Education is the key to childhood asthma.
“I love working with patients and families together, we have such a broad scope of people here, patients that come from every socioeconomic background. I especially like working with families that need more education and that’s what drew me to CHP. Being able to have hands-on experience with the patients is amazing.” Gina Nickels-Nelson, DNP, FNP-BC
Family Nurse Practitioner Gina Nickels- Nelson is passionate about her focus on caring for children with asthma. Education, she believes, is the key for both children and parents who face the challenges of living with this respiratory condition, which causes breathing difficulty. A caring and determined personality inspired her to take a teaching approach to helping families make the best and most accurate use of childhood asthma management and treatment. Her goal is to help her young patients maintain a healthy lifestyle and limit visits to the ER due to incorrect asthma management. “Being hands-on with patients is amazing” Nickels-Nelson says.
In 2010, 64,815 pediatric emergency room visits involved asthma, according to Mass Medicaid/CHIP Population data. Gina describes asthma as a “chronic longstanding illness or condition that can flare in some people weekly, but in other people it might only flare once or twice a year.” Many pediatric patients are missing school, which causes parents to miss work in order to care for their children.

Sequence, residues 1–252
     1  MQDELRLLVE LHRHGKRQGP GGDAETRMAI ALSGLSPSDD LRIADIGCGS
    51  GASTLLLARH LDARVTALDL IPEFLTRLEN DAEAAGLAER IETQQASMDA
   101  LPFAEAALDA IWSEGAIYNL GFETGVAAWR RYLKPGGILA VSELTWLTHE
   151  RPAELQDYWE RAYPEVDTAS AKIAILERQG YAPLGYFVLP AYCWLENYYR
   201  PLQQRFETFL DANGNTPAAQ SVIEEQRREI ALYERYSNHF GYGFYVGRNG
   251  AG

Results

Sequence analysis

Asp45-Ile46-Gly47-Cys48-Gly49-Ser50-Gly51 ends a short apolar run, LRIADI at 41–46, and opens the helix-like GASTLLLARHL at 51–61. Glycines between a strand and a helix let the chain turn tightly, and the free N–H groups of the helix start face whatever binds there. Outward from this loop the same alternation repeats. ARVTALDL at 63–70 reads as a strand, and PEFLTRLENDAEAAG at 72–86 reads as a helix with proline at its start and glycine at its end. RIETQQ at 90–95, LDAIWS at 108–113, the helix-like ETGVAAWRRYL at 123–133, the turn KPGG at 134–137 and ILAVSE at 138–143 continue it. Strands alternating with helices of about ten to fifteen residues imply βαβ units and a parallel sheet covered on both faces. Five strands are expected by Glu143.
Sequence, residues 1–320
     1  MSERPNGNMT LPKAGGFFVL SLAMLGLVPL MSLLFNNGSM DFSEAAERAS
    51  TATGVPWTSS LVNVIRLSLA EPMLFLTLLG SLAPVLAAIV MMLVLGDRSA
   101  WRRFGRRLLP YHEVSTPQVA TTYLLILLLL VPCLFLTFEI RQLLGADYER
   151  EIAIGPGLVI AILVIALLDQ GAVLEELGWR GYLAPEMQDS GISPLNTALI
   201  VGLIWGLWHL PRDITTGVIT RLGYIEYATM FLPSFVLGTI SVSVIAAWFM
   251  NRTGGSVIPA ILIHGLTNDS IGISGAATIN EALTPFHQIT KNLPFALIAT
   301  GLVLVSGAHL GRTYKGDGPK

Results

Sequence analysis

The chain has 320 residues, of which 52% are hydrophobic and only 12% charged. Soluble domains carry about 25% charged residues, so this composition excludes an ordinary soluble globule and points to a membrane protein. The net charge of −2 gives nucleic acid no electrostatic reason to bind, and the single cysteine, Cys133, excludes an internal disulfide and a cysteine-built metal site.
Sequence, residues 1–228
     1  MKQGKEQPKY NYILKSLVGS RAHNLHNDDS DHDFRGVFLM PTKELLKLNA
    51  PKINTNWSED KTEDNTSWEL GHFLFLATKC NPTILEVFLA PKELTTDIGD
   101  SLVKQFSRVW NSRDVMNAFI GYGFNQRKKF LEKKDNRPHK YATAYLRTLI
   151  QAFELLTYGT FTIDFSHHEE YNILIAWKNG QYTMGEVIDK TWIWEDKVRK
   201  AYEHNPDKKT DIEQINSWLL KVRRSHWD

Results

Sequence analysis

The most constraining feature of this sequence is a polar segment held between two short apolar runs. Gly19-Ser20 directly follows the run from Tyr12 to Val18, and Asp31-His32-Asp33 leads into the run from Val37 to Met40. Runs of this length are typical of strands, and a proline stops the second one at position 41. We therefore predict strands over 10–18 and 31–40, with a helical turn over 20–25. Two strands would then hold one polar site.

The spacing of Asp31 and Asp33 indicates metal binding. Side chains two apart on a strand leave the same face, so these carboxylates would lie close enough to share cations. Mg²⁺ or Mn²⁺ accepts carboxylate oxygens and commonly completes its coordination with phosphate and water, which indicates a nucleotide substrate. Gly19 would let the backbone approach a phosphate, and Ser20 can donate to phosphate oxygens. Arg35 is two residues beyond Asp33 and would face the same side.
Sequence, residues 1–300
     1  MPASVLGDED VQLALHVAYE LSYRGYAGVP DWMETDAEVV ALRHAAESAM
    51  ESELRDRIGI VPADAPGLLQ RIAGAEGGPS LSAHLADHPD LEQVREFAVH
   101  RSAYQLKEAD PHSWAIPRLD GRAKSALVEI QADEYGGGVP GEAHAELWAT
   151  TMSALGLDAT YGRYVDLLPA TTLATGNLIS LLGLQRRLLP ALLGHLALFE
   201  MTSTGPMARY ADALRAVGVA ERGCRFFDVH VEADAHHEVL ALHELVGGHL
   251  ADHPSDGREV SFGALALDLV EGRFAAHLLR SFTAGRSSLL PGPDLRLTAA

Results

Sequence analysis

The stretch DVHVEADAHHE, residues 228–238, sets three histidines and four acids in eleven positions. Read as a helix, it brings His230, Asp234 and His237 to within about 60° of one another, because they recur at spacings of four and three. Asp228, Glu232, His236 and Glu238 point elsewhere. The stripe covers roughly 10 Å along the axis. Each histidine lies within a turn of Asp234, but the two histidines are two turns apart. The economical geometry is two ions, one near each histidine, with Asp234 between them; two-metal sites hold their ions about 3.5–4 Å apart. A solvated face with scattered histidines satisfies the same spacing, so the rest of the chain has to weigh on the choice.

Nickels-Nelson also believes that “asthma is not just a medical condition it’s also a social condition,” because, if severe, it can cause children to miss out on activities and social events. Educating patients and families can vastly improve asthma’s interference with daily activity.
With education in mind, Nickels-Nelson held a hands-on educational program to educate users of inhalers. Of the 118 individuals who participated, only 3-5 could effectively use their inhalers. At the end of the program, 115 were able to use the inhaler “beautifully”.
She shares a story of one patient that reflects how education can make a difference.
“A young lady that I was caring for was visiting the ER very frequently. She was missing school and mom was missing work. I worked with her four times, giving her the education she needed about when and how to use her inhaler. After working with her, she had not been to the ER at all. She is now able to do the sports she loves, she is able to stay in school, and mom is able to go back to work. With this problem solved, she even went to Florida for the softball world series, which she never would have considered doing because of the severity of her asthma.”
Nickels-Nelson strongly encourages patients to keep up with routine medical appointments. “Talk to us. Don’t wait until a crisis,” she says. “We want to work with you in the good times and help you through the challenges.”